In December 2020, the Pennsylvania Supreme Court in Graham v. Check, overturned a trial court’s decision to instruct the jury on the sudden emergency doctrine in a pedestrian v. car accident case where the plaintiff was struck while lawfully crossing the street within the cross walk.
In Graham, the Plaintiff began crossing the street in downtown Pittsburgh, at approximately 6:00 a.m. while wearing dark clothing. The Plaintiff was walking in a marked crosswalk at ordinary walking speed. When the plaintiff was about halfway across the street, the light turned green for oncoming traffic and simultaneously, a vehicle approached the intersection at speed. The driver of the vehicle testified that he braked as quickly as he could, but he only saw the plaintiff at a distance of 7 to 10 feet. The driver struck the Plaintiff at a speed of approximately 15-30mph and caused severe injuries.
The matter proceeded to trial in Allegheny County, the defendant requested that the trial court instruct the jury on the sudden emergency doctrine despite the Plaintiffs objections. The jury returned a defense verdict and the Plaintiff appealed to Superior Court. The Superior Court affirmed the trial court and the Plaintiff once again appealed, this time to the Pennsylvania Supreme Court.
The Supreme Court, in a 5-2 decision, reversed, finding that the trial court’s instruction on the sudden emergency doctrine was in error. The Court advised against using the sudden emergency doctrine as a defense in future jury instructions instead, the Court explained that the presence of an emergency is just one of many different circumstances that a jury should take into account in assessing the reasonableness of one’s actions.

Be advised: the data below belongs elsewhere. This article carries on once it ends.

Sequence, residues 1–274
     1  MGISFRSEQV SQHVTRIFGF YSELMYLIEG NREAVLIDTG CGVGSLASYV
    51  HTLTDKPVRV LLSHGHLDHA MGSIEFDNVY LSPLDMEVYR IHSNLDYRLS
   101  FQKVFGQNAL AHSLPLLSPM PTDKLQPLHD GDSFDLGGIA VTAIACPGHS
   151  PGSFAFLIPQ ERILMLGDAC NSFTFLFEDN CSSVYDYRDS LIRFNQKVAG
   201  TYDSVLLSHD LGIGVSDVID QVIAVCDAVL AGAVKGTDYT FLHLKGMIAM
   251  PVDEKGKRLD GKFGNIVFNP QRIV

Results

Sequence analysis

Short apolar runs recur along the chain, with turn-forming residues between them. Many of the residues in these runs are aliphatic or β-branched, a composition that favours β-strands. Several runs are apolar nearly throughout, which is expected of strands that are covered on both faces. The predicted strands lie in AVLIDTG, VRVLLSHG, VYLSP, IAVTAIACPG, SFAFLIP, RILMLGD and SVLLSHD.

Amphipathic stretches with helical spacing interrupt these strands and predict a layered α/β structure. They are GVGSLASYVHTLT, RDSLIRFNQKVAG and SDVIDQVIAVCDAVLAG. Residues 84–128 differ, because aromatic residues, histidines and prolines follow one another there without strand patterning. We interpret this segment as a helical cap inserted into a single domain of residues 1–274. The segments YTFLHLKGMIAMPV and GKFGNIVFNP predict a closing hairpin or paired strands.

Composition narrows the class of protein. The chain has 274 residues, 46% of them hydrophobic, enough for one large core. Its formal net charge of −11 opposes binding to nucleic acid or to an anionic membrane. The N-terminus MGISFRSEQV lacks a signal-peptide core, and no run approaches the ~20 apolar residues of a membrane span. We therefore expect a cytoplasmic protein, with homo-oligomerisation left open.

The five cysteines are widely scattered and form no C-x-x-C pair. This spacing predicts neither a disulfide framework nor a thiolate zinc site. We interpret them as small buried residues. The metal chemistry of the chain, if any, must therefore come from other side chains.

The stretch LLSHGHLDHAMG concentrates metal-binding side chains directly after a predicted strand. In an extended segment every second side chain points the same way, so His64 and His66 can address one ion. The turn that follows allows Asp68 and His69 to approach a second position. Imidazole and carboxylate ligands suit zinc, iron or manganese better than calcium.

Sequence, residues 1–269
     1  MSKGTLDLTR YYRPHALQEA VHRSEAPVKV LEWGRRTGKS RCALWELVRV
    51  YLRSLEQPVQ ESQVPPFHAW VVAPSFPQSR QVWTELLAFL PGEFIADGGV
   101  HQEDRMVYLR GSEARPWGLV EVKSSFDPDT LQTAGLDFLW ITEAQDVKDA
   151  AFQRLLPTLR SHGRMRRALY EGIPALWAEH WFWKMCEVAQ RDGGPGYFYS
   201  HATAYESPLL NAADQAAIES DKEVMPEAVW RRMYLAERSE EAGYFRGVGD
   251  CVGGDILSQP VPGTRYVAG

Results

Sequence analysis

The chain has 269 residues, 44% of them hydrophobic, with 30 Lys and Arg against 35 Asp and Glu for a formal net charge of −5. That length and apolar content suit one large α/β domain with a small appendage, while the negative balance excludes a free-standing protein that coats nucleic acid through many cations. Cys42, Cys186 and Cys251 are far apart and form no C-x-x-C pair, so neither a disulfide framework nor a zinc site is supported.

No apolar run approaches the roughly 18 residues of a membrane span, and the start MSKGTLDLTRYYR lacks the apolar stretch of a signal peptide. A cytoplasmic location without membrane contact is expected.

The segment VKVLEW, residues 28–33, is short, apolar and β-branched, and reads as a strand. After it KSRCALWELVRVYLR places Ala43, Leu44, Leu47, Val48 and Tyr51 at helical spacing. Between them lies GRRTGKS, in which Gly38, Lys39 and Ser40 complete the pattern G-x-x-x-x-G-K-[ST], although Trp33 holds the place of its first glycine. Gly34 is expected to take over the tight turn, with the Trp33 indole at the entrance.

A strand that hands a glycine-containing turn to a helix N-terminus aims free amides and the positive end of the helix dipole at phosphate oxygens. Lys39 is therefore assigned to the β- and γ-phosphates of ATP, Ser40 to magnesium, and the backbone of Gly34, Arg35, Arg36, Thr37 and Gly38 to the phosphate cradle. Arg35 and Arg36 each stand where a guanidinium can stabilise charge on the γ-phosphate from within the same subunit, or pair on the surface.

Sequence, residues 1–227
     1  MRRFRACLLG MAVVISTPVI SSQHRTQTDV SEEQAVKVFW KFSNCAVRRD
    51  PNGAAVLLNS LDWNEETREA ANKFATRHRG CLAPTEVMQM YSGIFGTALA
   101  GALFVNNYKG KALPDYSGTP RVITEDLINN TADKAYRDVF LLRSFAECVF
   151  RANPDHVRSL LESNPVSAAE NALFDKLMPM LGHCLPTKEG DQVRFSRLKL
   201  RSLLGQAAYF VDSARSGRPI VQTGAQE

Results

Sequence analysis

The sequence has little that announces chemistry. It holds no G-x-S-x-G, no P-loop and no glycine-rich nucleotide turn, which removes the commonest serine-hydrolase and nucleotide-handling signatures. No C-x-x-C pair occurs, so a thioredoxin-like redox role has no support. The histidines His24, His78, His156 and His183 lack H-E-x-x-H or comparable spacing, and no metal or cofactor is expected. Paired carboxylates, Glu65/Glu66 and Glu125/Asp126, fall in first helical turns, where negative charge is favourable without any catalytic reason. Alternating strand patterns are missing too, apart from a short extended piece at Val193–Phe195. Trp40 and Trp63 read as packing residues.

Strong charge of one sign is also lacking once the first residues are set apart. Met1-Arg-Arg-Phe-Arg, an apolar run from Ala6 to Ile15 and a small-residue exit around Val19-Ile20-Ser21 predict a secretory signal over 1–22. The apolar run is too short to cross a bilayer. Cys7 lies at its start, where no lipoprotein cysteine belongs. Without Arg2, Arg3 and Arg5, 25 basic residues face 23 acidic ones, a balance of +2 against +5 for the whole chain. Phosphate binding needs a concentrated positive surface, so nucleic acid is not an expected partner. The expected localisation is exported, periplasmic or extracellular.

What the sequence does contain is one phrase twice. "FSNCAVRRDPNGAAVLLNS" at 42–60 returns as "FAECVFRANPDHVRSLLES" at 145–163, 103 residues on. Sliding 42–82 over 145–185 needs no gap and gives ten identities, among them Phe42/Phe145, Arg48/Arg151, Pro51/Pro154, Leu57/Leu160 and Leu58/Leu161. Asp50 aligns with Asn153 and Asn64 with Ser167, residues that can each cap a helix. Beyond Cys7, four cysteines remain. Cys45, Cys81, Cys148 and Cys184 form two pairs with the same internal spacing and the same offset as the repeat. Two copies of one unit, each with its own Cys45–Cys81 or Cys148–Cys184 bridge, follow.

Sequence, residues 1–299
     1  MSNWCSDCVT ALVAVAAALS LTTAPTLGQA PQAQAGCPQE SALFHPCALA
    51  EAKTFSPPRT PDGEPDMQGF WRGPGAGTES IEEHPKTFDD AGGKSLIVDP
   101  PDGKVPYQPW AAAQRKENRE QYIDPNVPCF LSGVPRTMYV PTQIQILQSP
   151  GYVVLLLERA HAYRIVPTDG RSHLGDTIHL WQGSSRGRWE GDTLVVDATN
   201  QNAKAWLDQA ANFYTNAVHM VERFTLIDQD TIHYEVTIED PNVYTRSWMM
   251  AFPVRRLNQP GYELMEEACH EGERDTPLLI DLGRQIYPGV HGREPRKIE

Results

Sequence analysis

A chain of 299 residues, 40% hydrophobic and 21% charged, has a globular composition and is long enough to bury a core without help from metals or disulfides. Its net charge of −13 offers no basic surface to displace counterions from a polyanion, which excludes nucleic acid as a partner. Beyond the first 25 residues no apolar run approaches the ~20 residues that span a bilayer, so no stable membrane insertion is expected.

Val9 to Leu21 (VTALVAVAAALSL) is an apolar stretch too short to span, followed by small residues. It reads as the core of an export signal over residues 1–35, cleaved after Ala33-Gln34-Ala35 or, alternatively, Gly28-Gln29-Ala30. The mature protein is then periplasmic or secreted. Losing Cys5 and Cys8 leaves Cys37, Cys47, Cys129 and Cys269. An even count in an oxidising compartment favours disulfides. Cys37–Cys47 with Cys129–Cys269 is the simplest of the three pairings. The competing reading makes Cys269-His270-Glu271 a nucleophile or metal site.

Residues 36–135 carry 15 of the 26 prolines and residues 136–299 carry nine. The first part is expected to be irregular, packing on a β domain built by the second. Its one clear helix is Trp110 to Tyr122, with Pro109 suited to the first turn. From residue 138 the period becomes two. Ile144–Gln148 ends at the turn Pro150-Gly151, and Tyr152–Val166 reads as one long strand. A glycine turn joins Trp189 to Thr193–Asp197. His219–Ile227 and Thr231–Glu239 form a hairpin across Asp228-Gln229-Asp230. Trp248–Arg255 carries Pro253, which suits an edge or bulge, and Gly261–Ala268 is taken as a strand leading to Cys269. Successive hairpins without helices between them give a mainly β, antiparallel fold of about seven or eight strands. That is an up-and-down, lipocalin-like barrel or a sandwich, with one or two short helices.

The sudden emergency doctrine is a jury instruction that acts as a defense for a motorist who suddenly and unexpectedly finds himself confronted with a perilous situation that permits little or no opportunity to apprehend the situation and act accordingly. Its purpose is to lessen the standard of care for a driver confronted with an unforeseeable circumstance such as a sudden blocking of the road, blinding lights, unexpected severe weather, or the swerving of other vehicles. See Cunningham v. Byers 732 A.2d 655, 658 (Pa. Super. 1999). In other words, the sudden emergency must be the type of emergency that would absolve a reasonable motorist of the responsibility to keep their vehicle under control.
The reasoning of the Supreme Court in Graham illustrates that there must be an independent foundation for a sudden emergency instruction. Specifically, the court reasoned the only evidence of “suddenness” in this case was the driver’s testimony that he didn’t see him until he was almost upon him. That evidence alone is insufficient to warrant a sudden emergency instruction as the driver himself was the sudden emergency.
You can recover for a pedestrian accident even if the driver says they never saw you. Pennsylvania has a heightened standard for pedestrians crossing the street in the crosswalk. The law understands and appreciates that drivers have a responsibility to ensure the safety of pedestrians and the safety of pedestrian crosswalks. If you are pedestrian who was struck by a car while in the crosswalk you may have a strong case even if the light had changed or the driver “swears” they didn’t see you.
If you or someone you know has suffered in a pedestrian accident, it is important to act quickly to preserve your legal rights. Contact Troy Crichton, Esq. an experienced Philadelphia car accident today at (267) 225-3317. The consultation is free and confidential. Troy Crichton can help you determine whether you have a valid claim as well as securing the compensation to which you are entitled.
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